AHIMA Issues Updated HIPAA Compliance Audit Toolkit

With Phase 2 of the Department of Health and Human Services’ Office for Civil Rights HIPAA compliance audits now well underway, the American Health Information Management Association (AHIMA) has updated its HIPAA audit readiness toolkit.

Late last year, covered bodies were selected for desk audits and the initial round of audits have now been finished. Now OCR has moved on to auditing business associates of covered bodies.

At HIMSS17, OCR’s Deven McGraw outlined that the full compliance audits, which were scheduled in for Q1, 2017, are to be delayed. This gives covered entities more time to get ready.

The phase 2 HIPAA compliance desk audits were more completed with much more detail than the first phase of audits carried in 2011/2012. The desk audits covered a broad variety of requirements of the HIPAA Privacy, Security, and Breach Notification Rules. However, they only consisted of a documentation check to demonstrate that bodies were in compliance.

The onsite audits will be much deeper in nature and will look much thoroughly into organizations’ compliance programs. Along with being required to show auditors documentation demonstrating compliance with HIPAA Rules covered entities will need to display evidence of HIPAA in action to the OCR.

In order to assist with preparing for the audit process, the American Health Information Management Association (AHIMA) has updated its HIPAA audit readiness toolkit. This audit readiness toolkit can be used by covered entities to assess their compliance efforts and deduce whether they have all the the required documentation, policies, and procedures in place to meet all Health Insurance Portability and Accountability Act standards.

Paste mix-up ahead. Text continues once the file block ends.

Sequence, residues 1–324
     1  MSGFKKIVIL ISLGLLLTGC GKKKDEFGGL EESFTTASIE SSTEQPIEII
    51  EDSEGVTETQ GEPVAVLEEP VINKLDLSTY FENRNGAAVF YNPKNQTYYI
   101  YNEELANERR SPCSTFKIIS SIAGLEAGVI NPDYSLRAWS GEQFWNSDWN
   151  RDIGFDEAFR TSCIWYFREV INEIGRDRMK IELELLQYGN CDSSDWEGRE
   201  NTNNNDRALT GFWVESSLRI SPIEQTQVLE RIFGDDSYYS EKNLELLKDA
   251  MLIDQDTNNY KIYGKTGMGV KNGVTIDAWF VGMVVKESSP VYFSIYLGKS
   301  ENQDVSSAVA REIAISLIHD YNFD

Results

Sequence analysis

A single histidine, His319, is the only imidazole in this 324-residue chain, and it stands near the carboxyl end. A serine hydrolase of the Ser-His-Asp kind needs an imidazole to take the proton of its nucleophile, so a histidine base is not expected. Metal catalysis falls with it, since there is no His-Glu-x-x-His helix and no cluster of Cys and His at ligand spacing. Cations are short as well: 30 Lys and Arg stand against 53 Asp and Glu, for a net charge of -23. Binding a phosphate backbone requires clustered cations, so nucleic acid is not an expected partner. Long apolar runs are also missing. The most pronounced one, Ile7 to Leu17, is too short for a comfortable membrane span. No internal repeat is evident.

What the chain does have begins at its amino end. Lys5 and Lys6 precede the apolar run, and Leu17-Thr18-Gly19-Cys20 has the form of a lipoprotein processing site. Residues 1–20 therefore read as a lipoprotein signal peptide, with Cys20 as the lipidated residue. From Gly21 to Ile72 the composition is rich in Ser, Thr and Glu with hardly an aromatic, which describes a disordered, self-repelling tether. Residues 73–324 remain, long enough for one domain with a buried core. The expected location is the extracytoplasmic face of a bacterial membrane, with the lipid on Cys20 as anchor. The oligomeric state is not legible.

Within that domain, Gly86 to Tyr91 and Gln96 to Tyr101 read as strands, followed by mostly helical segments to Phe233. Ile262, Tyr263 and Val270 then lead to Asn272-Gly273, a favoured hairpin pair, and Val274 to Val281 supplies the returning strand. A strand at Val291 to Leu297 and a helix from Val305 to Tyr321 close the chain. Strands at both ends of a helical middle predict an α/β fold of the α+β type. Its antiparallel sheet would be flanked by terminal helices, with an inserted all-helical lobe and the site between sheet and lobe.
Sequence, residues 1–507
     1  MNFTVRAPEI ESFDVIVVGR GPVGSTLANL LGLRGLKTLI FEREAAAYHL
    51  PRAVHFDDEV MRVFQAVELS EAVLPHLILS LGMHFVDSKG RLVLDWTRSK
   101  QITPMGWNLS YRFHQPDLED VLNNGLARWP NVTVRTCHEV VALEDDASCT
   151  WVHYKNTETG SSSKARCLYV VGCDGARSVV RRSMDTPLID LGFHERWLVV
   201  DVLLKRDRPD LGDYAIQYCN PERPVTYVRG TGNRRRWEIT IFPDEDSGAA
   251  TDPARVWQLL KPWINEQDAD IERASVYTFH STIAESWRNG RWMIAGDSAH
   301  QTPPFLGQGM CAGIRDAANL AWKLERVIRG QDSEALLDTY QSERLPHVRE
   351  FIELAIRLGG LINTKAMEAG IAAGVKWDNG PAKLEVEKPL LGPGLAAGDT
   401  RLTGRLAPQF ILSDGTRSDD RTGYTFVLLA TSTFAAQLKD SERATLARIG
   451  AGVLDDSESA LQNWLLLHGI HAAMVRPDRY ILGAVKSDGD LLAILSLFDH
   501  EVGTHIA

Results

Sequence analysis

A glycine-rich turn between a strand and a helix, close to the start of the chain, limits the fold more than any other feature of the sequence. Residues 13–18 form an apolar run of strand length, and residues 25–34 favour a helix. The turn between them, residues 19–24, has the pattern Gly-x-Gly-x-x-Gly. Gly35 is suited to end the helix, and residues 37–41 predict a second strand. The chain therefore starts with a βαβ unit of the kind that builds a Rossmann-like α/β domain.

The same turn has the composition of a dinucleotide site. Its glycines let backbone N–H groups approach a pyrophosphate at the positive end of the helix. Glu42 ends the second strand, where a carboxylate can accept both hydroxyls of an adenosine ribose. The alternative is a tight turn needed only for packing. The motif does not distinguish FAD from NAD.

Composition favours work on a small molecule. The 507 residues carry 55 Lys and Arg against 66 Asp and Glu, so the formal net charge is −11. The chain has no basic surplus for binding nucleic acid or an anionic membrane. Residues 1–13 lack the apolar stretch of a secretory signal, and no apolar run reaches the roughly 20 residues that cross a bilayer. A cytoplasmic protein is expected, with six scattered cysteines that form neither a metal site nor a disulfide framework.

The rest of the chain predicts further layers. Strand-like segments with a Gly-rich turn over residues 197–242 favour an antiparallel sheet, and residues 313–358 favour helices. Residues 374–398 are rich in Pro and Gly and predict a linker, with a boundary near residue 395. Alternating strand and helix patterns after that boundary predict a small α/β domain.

The new toolkit describes the legal process of the HIPAA compliance audit program, OCR processes, and now incorporates the new HIPAA audit protocol utilised by OCR in the second phase of the compliance audits.

The new toolkit includes HIPAA compliance checklists covering policies, procedures, and documentation that is likely to be sought by Office for Civil Rights auditors, along with a master policy template for the privacy and security rule compliance program.

AHIMA has also included advice and best practices that can be put in place by HIPAA-covered entities and their business associates to help them adhere to all of their responsibilities along with an HIPAA audit preparation guide.

AHIMA members can obtain the HIPAA audit readiness toolkit free of charge in the HIM Body of Knowledge section of the AHIMA website or through its onlin store.

The onsite audits may have be behind schedule, but covered entities should make sure they are ready for an audit. Should the audits slip into 2018 as hinted by McGraw, OCR still looks into all breaches of more than 500 records. In the event of a data breach, OCR will seek evidence of compliance with HIPAA Rules and heavy fines await organizations found not to have adhered with the HIPAA Privacy, Security and Breach Notification Rules.